Runner Machine Sprints
Why Marshall does it: Marshall uses the Keiser Air Runner to do sprints and for his conditioning work. The machine gives Marshall the ability to add resistance to his workout, which helps with lower body strength, overall speed, agility, flexibility, and acceleration—all integral for wide receivers.
“I think that as football players, we obviously know that you have to be conditioned,” Marshall says. “You have to be strong and you need speed. The Keiser company does a great job of making the Air Squat and the Air Runner machines—they really help out. I really focus on that a lot too. When it comes to exercises we put a lot of work in on the Keiser Air Runner and the Keiser Air Squat to help speed and power.”
Treadmill Incline Exercises
Why Marshall does it: Marshall uses a treadmill and puts it on a hill incline to help with speed training and conditioning. The incline allows Marshall to build muscle in his lower body, including the calves, thighs, glutes, and ankles.
“Treadmill work is one of those things that we do for speed and conditioning,” says Marshall. “The one thing that I think that separates what we do [at Fit Speed] from everyone else is our speed training. I have a high powered Woodway—the ELG Treadmill. We call it The Beast. It goes up to 30-something miles per hour, 35 percent incline, so I can do my hill work inside, I can do my speed training inside, I can do long-distance inside. No matter what’s going on outside with the weather, I can get my work done in a controlled environment. I would say it’s more efficient—it helps me reach my goals a lot faster.”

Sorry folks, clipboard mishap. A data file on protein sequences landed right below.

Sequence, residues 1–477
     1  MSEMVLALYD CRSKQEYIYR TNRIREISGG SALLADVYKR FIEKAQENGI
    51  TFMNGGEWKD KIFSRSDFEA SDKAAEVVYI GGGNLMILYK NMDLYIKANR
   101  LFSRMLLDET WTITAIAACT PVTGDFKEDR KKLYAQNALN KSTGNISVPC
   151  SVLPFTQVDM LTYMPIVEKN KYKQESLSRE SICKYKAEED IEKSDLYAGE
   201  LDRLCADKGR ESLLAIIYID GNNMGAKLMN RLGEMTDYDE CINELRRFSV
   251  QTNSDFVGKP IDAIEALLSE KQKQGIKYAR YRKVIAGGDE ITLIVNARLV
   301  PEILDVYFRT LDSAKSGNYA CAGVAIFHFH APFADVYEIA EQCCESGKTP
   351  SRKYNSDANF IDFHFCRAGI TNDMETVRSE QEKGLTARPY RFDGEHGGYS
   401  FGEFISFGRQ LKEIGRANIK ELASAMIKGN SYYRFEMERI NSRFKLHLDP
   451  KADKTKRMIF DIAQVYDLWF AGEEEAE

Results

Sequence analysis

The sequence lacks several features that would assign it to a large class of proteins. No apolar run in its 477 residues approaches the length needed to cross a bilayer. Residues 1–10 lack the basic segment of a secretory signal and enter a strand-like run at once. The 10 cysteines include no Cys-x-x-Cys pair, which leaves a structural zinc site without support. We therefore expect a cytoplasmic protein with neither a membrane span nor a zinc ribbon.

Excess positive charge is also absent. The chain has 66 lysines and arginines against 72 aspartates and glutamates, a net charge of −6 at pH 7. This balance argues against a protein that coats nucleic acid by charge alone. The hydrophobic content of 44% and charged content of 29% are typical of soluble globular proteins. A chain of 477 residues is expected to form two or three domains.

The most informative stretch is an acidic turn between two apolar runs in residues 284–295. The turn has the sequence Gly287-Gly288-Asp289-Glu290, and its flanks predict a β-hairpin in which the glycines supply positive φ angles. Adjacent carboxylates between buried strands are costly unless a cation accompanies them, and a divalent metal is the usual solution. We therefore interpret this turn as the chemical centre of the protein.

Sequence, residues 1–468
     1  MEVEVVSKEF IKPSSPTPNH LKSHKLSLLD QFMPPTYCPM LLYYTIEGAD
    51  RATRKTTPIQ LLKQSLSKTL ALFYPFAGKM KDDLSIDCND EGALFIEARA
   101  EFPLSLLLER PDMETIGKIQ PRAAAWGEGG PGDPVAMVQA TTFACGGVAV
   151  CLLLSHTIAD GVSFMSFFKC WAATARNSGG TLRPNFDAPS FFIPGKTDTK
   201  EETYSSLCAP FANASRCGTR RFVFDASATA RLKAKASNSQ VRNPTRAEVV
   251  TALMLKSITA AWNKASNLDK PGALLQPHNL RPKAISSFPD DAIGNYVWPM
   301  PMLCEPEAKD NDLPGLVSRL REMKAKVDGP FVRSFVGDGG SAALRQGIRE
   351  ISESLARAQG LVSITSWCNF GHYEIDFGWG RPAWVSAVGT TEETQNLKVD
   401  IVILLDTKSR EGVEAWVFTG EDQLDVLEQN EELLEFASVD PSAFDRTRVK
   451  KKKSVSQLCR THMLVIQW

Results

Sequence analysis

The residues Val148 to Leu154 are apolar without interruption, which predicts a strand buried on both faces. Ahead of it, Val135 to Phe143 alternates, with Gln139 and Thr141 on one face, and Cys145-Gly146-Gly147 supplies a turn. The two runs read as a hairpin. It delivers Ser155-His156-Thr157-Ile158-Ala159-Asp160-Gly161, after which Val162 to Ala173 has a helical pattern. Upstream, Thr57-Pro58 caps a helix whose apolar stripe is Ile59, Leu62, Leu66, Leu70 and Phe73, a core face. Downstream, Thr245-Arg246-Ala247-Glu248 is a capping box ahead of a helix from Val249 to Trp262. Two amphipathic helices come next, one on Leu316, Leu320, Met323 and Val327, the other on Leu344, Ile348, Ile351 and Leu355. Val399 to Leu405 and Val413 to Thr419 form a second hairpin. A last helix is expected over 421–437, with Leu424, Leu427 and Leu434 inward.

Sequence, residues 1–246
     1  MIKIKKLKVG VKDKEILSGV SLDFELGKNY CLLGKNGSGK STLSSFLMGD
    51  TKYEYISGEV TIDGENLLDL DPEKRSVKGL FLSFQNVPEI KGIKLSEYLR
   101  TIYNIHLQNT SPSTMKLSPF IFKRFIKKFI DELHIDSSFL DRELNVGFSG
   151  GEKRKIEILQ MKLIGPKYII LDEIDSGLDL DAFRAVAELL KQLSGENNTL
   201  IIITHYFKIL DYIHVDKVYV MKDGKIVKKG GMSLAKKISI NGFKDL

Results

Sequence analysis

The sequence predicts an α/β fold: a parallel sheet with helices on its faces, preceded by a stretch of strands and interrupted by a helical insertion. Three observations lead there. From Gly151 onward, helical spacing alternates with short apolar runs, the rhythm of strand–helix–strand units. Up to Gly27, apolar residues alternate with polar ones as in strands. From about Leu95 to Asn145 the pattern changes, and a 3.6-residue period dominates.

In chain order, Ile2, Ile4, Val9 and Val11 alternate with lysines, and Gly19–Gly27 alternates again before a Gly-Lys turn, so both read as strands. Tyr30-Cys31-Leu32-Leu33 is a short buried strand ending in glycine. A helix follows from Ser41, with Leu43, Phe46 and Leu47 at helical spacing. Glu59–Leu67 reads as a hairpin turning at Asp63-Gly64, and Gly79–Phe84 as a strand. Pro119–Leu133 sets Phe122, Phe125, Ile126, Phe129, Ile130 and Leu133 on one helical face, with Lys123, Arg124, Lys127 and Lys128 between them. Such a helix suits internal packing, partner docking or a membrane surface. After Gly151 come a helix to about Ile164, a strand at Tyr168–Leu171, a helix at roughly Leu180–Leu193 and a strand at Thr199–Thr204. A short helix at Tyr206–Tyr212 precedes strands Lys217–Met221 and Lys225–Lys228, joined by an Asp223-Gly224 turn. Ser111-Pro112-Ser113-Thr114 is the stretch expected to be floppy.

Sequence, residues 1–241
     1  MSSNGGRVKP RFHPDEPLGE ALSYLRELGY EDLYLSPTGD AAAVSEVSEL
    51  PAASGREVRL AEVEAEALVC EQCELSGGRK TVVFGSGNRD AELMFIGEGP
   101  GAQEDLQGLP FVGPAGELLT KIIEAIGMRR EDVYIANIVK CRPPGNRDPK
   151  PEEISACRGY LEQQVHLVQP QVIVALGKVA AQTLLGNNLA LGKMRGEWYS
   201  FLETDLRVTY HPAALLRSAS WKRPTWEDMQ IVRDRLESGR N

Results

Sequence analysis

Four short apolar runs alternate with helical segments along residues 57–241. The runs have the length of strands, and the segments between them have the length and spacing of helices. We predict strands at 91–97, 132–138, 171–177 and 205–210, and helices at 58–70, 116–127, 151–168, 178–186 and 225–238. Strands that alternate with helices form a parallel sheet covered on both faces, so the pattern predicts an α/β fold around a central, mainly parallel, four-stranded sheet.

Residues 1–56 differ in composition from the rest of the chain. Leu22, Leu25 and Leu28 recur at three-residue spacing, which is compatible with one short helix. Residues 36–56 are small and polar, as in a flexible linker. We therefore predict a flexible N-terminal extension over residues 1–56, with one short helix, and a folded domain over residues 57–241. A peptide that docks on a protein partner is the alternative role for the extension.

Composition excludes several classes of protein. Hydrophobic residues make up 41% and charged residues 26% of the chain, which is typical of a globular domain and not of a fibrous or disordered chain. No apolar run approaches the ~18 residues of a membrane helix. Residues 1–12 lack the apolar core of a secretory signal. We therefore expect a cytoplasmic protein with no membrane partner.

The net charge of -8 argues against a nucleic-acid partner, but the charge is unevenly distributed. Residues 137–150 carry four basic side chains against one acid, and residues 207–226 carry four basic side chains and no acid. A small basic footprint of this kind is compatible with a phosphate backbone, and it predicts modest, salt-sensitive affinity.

One-Arm Dumbbell Rows
How to do it: Lean on a bench with your left leg and lean forward with your left arm, placed towards the front of the bench. Your upper body should be parallel to the floor. Grab the dumbbell with your right hand and lift it upwards. When you reach the top of your lift, hold that position for a few seconds, then slowly bring it back down to starting position. Repeat the movement and then switch sides.
Why Marshall does it: The rows help with his upper body strength, hitting the shoulders, traps, biceps, lats and middle-back muscles. Wide receivers need strong arms to help corral short-range passes, and the added muscle and power helps when they’re crossed up with defenders.
“Athletes have different philosophies for training. There are different ways of getting to it,” says Marshall. “Some people do it with lifting, some people stay away from that and get to more functional training. I like to focus on the functional training. I think that it translates well to the football field.”